Setting that aside, I’m convinced Chasing Amy is the best version of itself it could possibly be. Smith’s always leaned toward including homoeroticism in his films (usually via the closeted Jay) because of his close relationship with his happily out brother; additionally, Smith went over the film’s script with friends and lesbian filmmakers Guinevere Turner and Rose Troche to make sure he was being true to the queer experience of the time (or at least not offensively off the mark); and finally, the script itself doesn’t claim to speak for Alyssa’s experience but instead frames itself around Holden’s ignorance and insecurities as a straight man (and the harm that they do).

Holden’s issues are familiar ones for those familiar with the meeting point of straight and queer culture. He’s not quite a “nice guy,” but he gets to be the sort of Ideal Dude in the early parts of the film. His insensitivity is born of ignorance, and once he befriends Alyssa he starts thinking about lesbians as (gasp) people over stereotypes and calling Banky out for his casual use of slurs. But his character arc doesn’t get to rest there – that would be far too easy, a nice fantasy that pats the “understanding” straight person on the back and then rewards them with their unattainable romantic partner.

Once Holden and Alyssa actually start dating, the film isn’t shy about bringing out his more entrenched, less easily defined prejudices and insecurities, particularly once he learns that Alyssa has had male as well as female partners. There’s an undercurrent of sexism to it (that Alyssa herself calls out), that he’s “conquered” this person by being the first male partner (and thus the first experience of, on some level, “real” sex that she’s had). His increased jealousy is a common mentality too – it’s a widely held urban legend that bisexual people are too sexual for a monogamous relationship, that it’s only a matter of time until they cheat or run off with a partner of a different gender. Preposterous fear-mongering, but pervasive nonetheless.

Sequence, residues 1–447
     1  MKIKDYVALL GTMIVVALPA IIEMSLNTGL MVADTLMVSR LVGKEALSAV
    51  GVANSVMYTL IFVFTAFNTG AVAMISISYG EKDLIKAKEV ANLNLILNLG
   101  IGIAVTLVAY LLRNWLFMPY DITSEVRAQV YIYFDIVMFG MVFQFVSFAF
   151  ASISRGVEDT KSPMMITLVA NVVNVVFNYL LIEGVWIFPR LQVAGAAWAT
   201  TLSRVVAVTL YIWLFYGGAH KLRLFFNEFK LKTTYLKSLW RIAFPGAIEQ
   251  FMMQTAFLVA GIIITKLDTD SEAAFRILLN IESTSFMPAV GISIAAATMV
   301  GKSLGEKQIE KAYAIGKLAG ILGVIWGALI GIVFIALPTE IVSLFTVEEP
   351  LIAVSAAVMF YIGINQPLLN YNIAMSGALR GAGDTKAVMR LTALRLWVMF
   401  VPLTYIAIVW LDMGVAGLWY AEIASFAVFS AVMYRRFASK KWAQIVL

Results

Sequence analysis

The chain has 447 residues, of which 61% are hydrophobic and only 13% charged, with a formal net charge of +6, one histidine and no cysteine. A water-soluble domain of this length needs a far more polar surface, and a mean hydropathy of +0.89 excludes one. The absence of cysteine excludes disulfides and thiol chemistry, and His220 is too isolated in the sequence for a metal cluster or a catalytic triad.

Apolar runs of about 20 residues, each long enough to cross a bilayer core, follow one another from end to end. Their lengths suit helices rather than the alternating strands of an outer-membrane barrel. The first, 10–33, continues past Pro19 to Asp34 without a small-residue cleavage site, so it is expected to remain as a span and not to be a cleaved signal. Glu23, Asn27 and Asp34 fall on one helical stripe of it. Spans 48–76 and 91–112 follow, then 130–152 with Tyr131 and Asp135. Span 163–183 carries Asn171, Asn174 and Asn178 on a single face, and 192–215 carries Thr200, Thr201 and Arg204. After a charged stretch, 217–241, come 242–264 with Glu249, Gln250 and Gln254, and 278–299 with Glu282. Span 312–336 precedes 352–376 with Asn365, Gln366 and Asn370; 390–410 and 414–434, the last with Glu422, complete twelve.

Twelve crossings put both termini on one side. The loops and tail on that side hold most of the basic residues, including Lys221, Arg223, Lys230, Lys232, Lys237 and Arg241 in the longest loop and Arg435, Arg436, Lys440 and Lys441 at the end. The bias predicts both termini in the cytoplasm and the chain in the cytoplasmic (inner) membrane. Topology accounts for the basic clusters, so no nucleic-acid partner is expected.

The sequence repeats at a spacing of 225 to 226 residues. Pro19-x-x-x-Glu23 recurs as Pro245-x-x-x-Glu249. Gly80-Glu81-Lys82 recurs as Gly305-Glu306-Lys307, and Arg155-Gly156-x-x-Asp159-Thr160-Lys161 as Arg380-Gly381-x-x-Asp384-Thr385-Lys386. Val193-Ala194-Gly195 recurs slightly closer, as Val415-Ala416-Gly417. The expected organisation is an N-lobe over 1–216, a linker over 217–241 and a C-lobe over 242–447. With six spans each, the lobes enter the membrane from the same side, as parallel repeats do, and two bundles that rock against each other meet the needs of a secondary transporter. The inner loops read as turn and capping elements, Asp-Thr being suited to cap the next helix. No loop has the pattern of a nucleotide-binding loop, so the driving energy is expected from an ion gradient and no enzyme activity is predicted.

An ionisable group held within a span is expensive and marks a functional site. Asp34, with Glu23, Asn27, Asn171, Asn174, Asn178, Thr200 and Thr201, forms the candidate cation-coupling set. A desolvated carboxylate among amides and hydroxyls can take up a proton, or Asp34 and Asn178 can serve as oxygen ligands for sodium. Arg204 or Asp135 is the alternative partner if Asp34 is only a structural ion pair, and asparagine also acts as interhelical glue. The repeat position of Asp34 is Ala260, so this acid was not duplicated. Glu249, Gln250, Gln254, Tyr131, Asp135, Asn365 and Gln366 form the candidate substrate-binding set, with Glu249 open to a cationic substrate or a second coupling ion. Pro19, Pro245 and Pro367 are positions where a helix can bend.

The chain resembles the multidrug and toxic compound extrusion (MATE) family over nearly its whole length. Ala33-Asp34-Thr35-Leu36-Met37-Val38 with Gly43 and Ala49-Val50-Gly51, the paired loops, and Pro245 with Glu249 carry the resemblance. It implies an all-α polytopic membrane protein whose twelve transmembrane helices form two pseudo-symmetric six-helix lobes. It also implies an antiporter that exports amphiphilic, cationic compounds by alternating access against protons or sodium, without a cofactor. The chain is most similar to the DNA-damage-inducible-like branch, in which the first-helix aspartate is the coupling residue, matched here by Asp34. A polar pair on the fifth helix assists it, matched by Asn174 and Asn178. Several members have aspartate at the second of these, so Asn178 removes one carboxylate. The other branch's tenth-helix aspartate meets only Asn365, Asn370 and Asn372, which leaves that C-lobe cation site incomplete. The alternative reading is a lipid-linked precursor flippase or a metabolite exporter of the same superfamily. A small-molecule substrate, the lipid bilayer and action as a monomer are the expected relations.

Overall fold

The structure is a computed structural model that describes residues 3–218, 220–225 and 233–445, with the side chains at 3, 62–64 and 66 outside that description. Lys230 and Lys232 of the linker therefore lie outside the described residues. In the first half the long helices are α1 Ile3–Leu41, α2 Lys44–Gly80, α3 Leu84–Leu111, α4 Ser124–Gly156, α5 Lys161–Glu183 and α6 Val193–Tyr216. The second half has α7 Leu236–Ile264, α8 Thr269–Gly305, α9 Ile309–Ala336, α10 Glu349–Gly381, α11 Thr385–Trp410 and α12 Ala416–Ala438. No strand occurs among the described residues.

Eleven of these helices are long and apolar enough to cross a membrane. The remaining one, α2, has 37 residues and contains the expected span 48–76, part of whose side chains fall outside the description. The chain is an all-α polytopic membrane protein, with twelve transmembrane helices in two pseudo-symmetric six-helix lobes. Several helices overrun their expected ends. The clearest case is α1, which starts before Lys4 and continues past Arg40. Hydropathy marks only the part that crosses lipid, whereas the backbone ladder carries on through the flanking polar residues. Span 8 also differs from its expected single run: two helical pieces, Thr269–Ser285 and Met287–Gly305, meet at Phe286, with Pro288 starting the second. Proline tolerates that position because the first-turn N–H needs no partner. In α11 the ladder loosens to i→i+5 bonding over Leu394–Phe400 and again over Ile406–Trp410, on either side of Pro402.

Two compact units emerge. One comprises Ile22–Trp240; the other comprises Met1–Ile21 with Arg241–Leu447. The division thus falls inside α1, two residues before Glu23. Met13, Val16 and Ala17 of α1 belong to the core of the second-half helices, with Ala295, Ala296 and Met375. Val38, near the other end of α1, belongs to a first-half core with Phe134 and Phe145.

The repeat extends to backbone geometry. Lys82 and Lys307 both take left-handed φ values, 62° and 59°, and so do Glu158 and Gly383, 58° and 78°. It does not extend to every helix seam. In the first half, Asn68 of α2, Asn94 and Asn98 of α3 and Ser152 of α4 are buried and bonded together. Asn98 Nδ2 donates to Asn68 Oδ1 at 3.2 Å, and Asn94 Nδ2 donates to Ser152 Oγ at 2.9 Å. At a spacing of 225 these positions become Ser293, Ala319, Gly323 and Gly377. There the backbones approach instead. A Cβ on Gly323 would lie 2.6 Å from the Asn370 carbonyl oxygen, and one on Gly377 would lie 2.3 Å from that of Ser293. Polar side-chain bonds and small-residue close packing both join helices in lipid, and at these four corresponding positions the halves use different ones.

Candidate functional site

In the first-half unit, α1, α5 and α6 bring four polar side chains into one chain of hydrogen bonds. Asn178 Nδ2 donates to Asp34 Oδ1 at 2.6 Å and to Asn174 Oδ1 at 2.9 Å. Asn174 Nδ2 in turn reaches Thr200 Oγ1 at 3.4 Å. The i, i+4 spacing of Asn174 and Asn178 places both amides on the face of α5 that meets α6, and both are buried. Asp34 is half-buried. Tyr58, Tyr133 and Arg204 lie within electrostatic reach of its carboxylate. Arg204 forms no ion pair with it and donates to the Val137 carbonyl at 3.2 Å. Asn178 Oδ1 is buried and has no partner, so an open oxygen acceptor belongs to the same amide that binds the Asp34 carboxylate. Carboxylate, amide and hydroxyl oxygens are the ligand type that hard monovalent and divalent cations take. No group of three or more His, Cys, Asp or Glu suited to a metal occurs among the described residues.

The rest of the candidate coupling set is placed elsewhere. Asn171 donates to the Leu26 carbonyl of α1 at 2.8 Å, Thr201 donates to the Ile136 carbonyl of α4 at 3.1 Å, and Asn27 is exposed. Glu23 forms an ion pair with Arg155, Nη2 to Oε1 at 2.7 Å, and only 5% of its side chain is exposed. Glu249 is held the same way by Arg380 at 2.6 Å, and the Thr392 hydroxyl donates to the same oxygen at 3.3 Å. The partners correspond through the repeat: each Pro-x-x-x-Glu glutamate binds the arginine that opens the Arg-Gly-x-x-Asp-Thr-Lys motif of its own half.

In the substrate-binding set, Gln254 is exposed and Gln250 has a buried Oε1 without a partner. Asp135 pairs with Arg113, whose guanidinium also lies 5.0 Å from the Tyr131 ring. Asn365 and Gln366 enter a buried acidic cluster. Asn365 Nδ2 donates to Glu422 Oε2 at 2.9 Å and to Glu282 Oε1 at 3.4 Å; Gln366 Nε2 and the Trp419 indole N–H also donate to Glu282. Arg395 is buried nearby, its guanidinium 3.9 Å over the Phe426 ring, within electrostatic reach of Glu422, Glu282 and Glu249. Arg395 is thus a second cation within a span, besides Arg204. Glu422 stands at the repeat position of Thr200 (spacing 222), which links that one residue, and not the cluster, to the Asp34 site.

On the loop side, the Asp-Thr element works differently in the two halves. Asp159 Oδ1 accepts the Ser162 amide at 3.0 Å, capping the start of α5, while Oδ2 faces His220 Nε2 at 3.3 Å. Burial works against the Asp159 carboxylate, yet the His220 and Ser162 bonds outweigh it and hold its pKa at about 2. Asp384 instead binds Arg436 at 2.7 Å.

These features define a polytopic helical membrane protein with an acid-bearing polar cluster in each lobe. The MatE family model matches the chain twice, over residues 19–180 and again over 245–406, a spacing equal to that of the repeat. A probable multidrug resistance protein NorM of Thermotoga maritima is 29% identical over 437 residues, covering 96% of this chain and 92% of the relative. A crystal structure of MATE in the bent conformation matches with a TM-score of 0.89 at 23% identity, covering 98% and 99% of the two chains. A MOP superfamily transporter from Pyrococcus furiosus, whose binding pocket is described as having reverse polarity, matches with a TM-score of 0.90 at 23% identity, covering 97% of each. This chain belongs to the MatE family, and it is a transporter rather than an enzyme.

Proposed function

What might be most unique about the film is that it doesn’t shy away from depicting how this prejudice cuts both ways. The “pronoun game” scene is downright brutal, with all of Alyssa’s friends treating her like she’s died once she announces that she’s seeing Holden. There’s a real concept of “betrayal” to it, a reminder that the gay community was well into forming its own qualifications for what constituted being an acceptable member. When Alyssa clings most fiercely to her identification as a gay woman (which is perfectly valid! But not as set in stone as the political movement of “born this way” shaped it), it’s not hard to get the sense that it’s partly because that’s what the narrative dictates (though bless the film for the very necessary step of making sure its ending beat drives home that Alyssa was never “cured” of anything).

Image

This is by no means an uncommon thing. It is, in fact, quite common for bisexuals (pan/ace/etc, but we’re going to use bi for ease of reference) to feel pressured to identify as the sexuality of their partner. This is especially true for bisexual men, who are looked at with mistrust by gay partners and as walking HIV threats by straight partners. As understanding of sexuality and new generations have come about this has also led to something of a stratification of “real” vs. “trendy” queer people (even in that good old bastion of queerness, Tumblr).